The New Old Web

SoundCloud, Tinyletter ...

It’s funny how the new web eventually becomes the old web. When the Disquiet Junto was founded, way back in January 2012, SoundCloud was the primary place where interactions between members occurred — not just tracks being posted, which remains the main Junto SoundCloud use to this day, but communication, as well. Back then, SoundCloud had a “groups” functionality and a “discussion” tab. Today, in the absence of those built-in functions, such activity has been outboarded to Lines ( and to the Disquiet Junto Slack. Lines is more for project-specific communication, whereas the Slack has been more of what is sometimes termed water-cooler chat. Of course, the Junto has always had a distributed communication structure. Twitter, for example, is where the majority of early participants got to know each other. SoundCloud and Tinyletter are slowly becoming the old web, which may simply be what happens as time passes.

Disquiet Junto Project 0548: Drone Vox

The Assignment: Make a drone using just your voice.

Each Thursday in the Disquiet Junto group, a new compositional challenge is set before the group’s members, who then have just over four days to upload a track in response to the assignment. Membership in the Junto is open: just join and participate. (A SoundCloud account is helpful but not required.) There’s no pressure to do every project. It’s weekly so that you know it’s there, every Thursday through Monday, when you have the time.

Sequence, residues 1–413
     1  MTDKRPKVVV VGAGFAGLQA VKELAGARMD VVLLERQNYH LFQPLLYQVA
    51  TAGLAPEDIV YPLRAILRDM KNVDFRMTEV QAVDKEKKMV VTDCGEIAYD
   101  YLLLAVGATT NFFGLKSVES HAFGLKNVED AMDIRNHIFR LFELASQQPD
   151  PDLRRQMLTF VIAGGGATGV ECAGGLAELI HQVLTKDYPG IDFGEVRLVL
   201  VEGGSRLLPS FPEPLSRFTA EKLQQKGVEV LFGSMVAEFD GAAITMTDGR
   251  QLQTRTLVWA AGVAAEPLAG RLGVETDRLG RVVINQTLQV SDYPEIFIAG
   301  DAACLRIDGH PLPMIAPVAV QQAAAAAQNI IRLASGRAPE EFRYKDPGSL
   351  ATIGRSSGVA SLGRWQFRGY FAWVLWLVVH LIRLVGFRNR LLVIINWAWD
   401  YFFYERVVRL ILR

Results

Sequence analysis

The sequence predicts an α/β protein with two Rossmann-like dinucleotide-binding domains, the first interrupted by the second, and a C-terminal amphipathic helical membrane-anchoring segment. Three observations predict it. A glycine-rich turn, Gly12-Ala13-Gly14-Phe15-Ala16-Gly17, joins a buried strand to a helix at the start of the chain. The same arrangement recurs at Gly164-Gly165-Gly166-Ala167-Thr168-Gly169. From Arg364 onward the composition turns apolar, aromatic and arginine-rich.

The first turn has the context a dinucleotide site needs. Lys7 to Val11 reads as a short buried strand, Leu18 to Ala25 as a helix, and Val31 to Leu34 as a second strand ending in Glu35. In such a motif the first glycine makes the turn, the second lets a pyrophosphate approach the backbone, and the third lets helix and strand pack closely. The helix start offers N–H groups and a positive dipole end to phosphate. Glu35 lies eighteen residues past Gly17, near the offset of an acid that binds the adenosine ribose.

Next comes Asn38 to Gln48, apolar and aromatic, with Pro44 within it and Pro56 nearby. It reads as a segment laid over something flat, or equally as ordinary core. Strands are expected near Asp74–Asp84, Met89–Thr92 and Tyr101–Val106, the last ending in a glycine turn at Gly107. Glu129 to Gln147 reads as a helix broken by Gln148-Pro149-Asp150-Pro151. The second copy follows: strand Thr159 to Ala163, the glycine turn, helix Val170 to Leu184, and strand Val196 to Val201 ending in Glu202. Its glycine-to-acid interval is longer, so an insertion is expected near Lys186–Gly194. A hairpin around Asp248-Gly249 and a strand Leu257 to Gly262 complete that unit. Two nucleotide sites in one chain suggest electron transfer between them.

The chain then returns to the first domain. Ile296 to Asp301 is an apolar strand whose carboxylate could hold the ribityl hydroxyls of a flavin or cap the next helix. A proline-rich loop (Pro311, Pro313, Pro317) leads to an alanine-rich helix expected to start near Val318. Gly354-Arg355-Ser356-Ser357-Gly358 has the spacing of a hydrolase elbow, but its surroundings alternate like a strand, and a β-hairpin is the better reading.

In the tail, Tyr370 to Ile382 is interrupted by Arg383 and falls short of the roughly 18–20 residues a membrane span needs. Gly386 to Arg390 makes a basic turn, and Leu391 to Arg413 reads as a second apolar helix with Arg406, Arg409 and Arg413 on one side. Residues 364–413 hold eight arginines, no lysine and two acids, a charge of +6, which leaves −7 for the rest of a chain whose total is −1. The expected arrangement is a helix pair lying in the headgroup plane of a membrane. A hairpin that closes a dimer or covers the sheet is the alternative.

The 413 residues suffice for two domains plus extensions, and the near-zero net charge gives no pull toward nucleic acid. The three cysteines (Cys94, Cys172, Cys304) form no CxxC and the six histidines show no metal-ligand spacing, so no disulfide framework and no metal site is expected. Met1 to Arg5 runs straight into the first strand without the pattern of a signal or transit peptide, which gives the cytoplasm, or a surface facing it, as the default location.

Deadline: This project’s deadline is the end of the day Monday, July 4, 2022, at 11:59pm (that is, just before midnight) wherever you are. It was posted on Thursday, June 30, 2022.

These are the instructions that went out to the group’s email list (at

Disquiet Junto Project 0548: Drone Vox
The Assignment: Make a drone using just your voice.

Step 1: Think about what constitutes drone music.

Step 2: Make some drone music from nothing other than the sound of your own voice. You can manipulate and layer your voice, but please add no other instrumentation.

Eight Important Steps When Your Track Is Done:

Step 1: Include “disquiet0548” (no spaces or quotation marks) in the name of your tracks.

Step 2: If your audio-hosting platform allows for tags, be sure to also include the project tag “disquiet0548” (no spaces or quotation marks). If you’re posting on SoundCloud in particular, this is essential to subsequent location of tracks for the creation of a project playlist.

Step 3: Upload your tracks. It is helpful but not essential that you use SoundCloud to host your tracks.

Step 4: Post your track in the following discussion thread at